Positive Inner Voice

Positive Inner Voice

After a recent bout of Insomnia, my eyes are open to a lot of unhealthy practices in my life. Most are stress related, but stress can be generated by our thoughts and attitudes. A small problem can easily become a large one, a string of ill luck can easily turn into a bad day, and all it takes is the wrong thought at the right time.

Positive inner voice is something I struggle with. I can be positive in my interactions with others and even positive about my goals and how to achieve them. Yet I’m still hard on myself, impossibly hard, berating myself for mistakes and working myself into a frenzy whenever I make one, no matter how small. It took a string of self-induced anxiety attacks to open my eyes to how damaging negative inner voice can be.

The best way to fight negativity is to look for the positive instead. It sounds easy, but it can be terribly difficult, especially when you’ve spent a lifetime silently berating yourself. There are a few staples to start with, of course, and if you catch yourself saying any of these things in a dark moment, you might want to try to reverse it.

“I can’t!” or “It’s too hard!” or “That’s impossible!”
When faced with something daunting, or even something we don’t want to do, our first reaction is to recoil. Sometimes ‘I can’t’ is an excuse not to act. Difficulty can be a reason for procrastination. Worse, if something seems impossible we might abandon the idea before we ever try. I certainly wouldn’t have published a novel if I’d given in to this impulse. The fact is ‘I can’t’ can be the most damaging thing you tell yourself. Because as long as you believe you’re incapable, you won’t succeed.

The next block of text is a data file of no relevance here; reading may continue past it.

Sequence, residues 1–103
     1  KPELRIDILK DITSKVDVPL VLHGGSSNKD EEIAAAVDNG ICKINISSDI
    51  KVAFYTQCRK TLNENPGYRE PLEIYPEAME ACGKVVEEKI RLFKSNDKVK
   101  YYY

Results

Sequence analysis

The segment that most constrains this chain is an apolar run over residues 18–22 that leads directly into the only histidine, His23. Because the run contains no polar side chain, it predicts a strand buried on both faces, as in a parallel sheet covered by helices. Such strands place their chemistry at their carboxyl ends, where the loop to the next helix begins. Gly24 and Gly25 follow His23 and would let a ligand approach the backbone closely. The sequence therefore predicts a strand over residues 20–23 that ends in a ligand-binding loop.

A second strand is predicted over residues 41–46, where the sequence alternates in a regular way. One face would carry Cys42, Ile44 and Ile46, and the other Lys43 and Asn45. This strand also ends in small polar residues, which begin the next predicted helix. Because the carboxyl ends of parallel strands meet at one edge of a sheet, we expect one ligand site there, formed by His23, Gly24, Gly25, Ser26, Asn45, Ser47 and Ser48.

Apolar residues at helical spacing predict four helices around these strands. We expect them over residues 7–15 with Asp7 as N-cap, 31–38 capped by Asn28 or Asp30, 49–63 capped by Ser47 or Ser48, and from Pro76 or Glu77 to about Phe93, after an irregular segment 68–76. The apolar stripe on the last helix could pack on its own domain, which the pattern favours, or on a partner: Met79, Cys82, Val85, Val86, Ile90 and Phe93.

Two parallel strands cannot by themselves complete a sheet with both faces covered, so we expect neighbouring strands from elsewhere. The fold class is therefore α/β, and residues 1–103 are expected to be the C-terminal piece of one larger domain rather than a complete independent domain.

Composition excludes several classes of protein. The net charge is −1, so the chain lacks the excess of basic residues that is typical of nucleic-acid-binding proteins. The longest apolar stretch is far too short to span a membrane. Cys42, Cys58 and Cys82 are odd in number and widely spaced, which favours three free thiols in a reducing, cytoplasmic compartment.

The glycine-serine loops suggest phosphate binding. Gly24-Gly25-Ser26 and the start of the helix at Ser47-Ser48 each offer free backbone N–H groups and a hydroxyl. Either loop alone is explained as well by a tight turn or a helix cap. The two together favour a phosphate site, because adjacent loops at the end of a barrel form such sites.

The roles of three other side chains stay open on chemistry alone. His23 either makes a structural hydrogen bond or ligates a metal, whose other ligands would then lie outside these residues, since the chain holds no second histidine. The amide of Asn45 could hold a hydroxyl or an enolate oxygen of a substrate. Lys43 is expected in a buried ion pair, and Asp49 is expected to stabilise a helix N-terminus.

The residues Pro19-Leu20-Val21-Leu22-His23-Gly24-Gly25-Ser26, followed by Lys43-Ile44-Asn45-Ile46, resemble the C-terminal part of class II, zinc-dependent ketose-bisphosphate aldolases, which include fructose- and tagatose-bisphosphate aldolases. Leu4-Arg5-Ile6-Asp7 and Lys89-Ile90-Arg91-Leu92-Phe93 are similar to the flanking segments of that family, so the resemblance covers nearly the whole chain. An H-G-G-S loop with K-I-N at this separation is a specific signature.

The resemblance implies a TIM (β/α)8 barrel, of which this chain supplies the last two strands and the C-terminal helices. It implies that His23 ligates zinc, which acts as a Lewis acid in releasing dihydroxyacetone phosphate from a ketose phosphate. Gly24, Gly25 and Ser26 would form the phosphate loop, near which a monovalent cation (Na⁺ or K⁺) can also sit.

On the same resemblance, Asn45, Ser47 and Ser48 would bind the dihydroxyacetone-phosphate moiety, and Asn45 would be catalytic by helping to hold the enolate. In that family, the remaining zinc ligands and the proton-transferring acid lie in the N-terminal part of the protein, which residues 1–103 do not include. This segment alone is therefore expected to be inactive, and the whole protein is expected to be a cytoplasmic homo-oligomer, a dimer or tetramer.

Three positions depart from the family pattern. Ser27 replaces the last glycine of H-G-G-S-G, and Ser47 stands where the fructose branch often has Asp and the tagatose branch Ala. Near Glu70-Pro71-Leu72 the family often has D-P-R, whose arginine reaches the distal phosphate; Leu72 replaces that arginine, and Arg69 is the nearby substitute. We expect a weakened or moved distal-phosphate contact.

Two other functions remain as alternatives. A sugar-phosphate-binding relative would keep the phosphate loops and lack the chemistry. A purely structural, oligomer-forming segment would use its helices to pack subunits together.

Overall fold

The voice of doubt is hard to overcome. It shouts louder than any other voice and it can be difficult to drown it out. I recall fighting through the most difficult moments in my life with “I can’t” repeating in the back of my mind, all the while telling myself “you have to.” But ‘you have to’ isn’t a very good motivator.

Replace “I can’t” with “I can.” or “I’ll try my best.”

Chances are, you can accomplish most things that seem impossible or daunting, you just need the determination to get through. “I can,” is a great mantra, especially if you repeat it internally from the moment you wake up in the morning. But I find sometimes, the voice of doubt breaks the mantra. In those moments I go for “I’ll try my hardest as long as I can.” That way, I feel I can stop or take a break if I need to. But I find that trying my hardest is enough to get me through most days.

Try the hardest you can every day. Some days you’ll do a lot and some days only a little, but every day will get you closer to your goal.

“I’m not good/skilled/pretty enough.” or “I wish I was as skilled/pretty/good as such and such.”
From the time we’re young we carry this dread with us, the dread that we aren’t good enough to do the things we really want to. And it’s worse if you know someone who seems able to achieve all the things you’d like to with an effortlessness ease. The trouble is, we tend to compare our everyday with other people’s highlights; this is a major problem with social media like Facebook. Some people filter their social postings so that they only reflect the positive outcomes in their lives. Their vacations, their date nights, their accomplishments. No one really wants to take a picture of themselves crying at the end of a shitty day so that they remember it five years later.

So we forget that everyone struggles, that no one does anything as effortlessly as they seem to. That successful person you envy works hard to be successful. And the only difference between the two of you is probably that they don’t spend their days looking at others longingly (or maybe they do but they don’t let it get in the way of their efforts).

Replace “I’m not skilled enough.” with “I am still learning.”

You might not be able to do everything on the first try, the second try or even the tenth. But as long as you never stop trying, you haven’t failed. There’s nothing wrong with honing your skills. Everyone has to start somewhere. And don’t forget to be happy with the things you have. Chances are, your life is just as good as the person you envy (perhaps it’s even better).

“Today is going to be a shitty day.” or “I never get to have good days.” or “Bad things always happen to me.”